LDL cholesterol is what we commonly call bad-cholesterol, or more simply just cholesterol.
When someone says "I need to lower my cholesterol levels" it's implied that they have to lower the LDL type.
Cholesterol is component of our body, essential to produce several important hormones and for the formation of cell membranes, especially nerve cells.
It is produced by the body, especially by the liver and, in part, absorbed through food.
You can find cholesterol in all foods that come from animals (meat, poultry, eggs, milk, cheese), while it is not present in any food of plant origin (legumes, vegetables, fruits).
If you want to know more read What is Cholesterol?
What is LDL Cholesterol or Bad Cholesterol?
LDL stands for low density lipoproteins.
It is the type of cholesterol that can be more harmful to our health and especially for the heart, because these lipoproteins carry cholesterol from the liver to the blood vessels.
A high level of LDL cholesterol increases the risk of stroke and heart attack (more than 190 mg/dL).
The lower you keep these values, the lower is the risk of suffering from cardiovascular diseases.
What is HDL Cholesterol or Good Cholesterol?
HDL stands for high density lipoprotein.
HDL cholesterol is considered "good" as it seems to reduce the risk of heart attack or stroke, because lipoproteins remove excess cholesterol from the arteries and transport it to the liver where it is eliminated.
This means that, unlike what happens for the other type of cholesterol, the higher this value, the lower the risk.
HDL cholesterol can be increased by quitting smoking, losing excess weight and living a more active life.
How to Interpret Cholesterol Levels
High cholesterol indicates that is increasing the risk of suffering a stroke or a heart attack.
This is the reason why it is advisable to keep the values of cholesterol always under control and discuss it with your doctor.
With a simple test, the test of the "lipoprotein profile", you can check the values of cholesterol in the blood, both LDL (the so-called bad cholesterol) and HDL (the so-called good cholesterol), and also the level of triglycerides (bad fats).
Why Can High Cholesterol Be Dangerous?
If in our body there are high levels of cholesterol, this is deposited on the inner surface of blood vessels, forming plaques that, in the long run, may restrict them. In severe cases, the plaques can block the arteries completely, causing heart attacks or strokes.
Symptoms of High Cholesterol
Usually people find out that they have high cholesterol levels (again, we mean high LDL cholesterol levels, the bad one) from blood test that they scheduled for other reasons.
Especially if you are not a youngster anymore, for example you may have done blood tests to check hormone levels and the doctor came back saying "It's all good, but you have high cholesterol".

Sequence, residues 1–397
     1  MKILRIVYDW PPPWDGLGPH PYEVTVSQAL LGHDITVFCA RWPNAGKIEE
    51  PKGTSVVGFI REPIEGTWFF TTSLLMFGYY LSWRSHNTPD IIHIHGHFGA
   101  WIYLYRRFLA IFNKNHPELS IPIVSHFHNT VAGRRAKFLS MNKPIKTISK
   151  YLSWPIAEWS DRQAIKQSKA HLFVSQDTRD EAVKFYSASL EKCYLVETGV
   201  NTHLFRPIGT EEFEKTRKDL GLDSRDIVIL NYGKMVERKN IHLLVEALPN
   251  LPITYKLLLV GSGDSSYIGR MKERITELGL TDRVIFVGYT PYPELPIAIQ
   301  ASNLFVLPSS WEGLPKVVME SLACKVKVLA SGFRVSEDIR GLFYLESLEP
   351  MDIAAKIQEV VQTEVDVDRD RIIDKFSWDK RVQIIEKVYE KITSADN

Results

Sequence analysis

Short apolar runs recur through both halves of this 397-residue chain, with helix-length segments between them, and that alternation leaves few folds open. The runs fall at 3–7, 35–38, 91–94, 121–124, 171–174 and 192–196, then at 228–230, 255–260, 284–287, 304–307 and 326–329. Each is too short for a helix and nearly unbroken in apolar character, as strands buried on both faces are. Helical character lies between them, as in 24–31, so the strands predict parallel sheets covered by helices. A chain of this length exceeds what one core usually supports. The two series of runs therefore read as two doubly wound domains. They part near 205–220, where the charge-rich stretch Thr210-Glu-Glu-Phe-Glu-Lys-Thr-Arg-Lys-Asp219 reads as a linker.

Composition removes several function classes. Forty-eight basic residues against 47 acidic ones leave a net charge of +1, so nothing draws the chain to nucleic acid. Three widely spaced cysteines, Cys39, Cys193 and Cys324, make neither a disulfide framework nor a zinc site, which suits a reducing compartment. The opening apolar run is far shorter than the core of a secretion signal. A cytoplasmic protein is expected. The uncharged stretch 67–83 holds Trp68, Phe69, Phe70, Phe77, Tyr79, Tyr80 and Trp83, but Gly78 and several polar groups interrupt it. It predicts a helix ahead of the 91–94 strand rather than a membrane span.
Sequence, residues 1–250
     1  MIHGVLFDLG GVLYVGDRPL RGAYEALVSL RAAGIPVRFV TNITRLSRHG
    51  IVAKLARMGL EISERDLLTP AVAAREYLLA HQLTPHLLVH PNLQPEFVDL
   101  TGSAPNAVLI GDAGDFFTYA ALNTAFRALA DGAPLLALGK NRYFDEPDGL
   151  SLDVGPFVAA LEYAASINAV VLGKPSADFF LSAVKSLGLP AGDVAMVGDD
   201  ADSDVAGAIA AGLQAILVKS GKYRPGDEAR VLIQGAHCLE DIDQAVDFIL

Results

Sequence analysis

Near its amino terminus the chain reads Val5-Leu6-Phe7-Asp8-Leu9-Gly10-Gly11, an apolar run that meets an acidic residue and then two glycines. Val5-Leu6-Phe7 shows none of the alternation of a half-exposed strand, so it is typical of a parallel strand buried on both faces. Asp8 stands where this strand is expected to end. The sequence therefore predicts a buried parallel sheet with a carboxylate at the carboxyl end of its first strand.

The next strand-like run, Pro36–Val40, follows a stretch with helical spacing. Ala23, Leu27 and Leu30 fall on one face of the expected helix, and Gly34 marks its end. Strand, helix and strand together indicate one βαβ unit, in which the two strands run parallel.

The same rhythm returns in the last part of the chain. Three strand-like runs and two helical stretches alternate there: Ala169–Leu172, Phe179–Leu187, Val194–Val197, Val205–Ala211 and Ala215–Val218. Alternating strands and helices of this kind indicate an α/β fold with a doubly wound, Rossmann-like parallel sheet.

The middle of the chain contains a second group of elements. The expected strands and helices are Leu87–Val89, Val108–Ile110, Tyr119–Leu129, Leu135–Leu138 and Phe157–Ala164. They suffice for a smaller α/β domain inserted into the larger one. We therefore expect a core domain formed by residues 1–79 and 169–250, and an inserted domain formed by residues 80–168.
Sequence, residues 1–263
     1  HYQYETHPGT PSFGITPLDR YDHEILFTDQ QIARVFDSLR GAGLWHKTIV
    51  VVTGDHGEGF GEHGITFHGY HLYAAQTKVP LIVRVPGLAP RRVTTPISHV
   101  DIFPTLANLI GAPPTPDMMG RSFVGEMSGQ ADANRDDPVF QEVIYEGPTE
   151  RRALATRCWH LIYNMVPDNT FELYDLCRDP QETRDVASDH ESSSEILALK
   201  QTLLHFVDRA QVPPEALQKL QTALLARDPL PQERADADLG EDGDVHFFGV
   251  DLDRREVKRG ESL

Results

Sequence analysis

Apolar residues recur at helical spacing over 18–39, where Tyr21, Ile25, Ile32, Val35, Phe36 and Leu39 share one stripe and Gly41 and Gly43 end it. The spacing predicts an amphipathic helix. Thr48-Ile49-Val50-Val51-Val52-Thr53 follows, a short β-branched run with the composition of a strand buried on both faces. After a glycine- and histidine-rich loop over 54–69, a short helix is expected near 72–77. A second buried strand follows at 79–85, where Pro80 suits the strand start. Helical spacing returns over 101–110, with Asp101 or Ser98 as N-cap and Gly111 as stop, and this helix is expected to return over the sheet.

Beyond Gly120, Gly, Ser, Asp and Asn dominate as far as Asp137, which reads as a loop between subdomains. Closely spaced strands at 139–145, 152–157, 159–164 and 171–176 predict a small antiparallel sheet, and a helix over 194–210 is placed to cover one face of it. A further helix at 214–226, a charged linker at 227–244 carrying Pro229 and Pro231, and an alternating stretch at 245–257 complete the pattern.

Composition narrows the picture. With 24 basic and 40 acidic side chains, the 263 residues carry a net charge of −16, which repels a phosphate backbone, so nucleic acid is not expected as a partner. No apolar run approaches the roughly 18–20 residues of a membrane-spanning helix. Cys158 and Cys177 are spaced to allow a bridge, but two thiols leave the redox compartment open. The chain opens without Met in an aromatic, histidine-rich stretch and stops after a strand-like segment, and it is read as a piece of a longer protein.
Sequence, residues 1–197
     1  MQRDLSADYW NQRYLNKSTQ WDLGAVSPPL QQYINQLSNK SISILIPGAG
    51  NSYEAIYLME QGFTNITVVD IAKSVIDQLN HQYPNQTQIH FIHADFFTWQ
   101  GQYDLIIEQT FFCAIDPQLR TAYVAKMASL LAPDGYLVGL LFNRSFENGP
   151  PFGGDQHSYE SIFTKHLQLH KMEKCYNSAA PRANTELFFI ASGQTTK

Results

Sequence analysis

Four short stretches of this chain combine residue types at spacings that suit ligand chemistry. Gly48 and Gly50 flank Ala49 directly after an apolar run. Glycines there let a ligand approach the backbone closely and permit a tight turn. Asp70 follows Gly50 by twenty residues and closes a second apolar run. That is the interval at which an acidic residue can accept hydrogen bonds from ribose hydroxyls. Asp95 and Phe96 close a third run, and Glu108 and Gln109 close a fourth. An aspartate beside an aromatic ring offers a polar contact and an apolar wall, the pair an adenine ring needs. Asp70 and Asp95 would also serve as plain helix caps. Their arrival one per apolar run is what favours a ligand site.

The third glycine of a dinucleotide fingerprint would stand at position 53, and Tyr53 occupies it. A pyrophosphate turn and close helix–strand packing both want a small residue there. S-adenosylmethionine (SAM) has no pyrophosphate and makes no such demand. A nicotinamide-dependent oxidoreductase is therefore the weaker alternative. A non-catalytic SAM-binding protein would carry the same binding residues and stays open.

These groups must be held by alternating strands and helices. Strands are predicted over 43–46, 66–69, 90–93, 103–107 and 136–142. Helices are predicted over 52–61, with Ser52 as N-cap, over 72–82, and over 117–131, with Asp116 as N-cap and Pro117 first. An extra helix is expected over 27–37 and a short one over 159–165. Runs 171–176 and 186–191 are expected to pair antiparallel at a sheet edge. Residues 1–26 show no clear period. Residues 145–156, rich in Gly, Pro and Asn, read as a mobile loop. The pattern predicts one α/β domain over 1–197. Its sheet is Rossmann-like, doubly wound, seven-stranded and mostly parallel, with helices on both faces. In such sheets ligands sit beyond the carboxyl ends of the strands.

This is very common, in fact high cholesterol in the human body works slowly and doesn't give any symptoms.
Precisely for this reason it is important to try to find out what are the levels of total cholesterol (HDL and LDL) in the blood by performing periodic tests.
Is It Possible to Reduce Cholesterol Levels?
Too high cholesterol levels in the blood, especially when associated with other risk factors such as smoking, obesity, diabetes and sedentary lifestyle, can lead to stroke and heart failure.
You can reduce these levels by observing a healthy diet and low in fat, losing weight and doing regular moderate physical activity.
There are, however, people who are forced to take drugs because changing their diet or losing weight may not be enough to reduce cholesterol levels.
Diet to Lower Cholesterol Levels
I wrote a specific article that talks about low cholesterol diet in details, but since this is an important matter, it doesn't hurt to repeat the summary here.
A healthy diet can help to control LDL cholesterol levels in the blood.
The choice should fall mainly on foods there are low in fat (lipids) and obviously in cholesterol.
We know that proteins, fatty acids and soy isoflavones have the ability to lower LDL cholesterol, so all the products made from soybeans are considered optimal.
Even the olive oil and the oils from corn and sunflower seeds (to be consumed strictly raw) are rich in unsaturated fats that reduce the formation of plaques of cholesterol, keeping the cardiovascular system healthy.
Green light also to white meat and fish, especially for fish rich in omega-3 fatty acids, which promote the synthesis of "good" HDL cholesterol.
Finally vegetables and fruit: in addition to being free of cholesterol they are high in fiber, which helps reducing the absorption of fat.
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